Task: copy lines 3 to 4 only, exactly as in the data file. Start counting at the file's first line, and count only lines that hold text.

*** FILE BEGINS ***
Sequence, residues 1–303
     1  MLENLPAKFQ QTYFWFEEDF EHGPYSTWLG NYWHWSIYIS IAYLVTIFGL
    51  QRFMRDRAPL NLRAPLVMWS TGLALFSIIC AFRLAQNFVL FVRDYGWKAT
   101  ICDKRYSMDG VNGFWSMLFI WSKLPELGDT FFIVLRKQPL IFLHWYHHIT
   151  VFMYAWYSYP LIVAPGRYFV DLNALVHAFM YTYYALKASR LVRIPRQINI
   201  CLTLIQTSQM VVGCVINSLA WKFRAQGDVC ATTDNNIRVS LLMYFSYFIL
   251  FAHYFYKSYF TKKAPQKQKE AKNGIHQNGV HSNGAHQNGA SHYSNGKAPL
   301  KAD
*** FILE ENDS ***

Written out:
    51  QRFMRDRAPL NLRAPLVMWS TGLALFSIIC AFRLAQNFVL FVRDYGWKAT
   101  ICDKRYSMDG VNGFWSMLFI WSKLPELGDT FFIVLRKQPL IFLHWYHHIT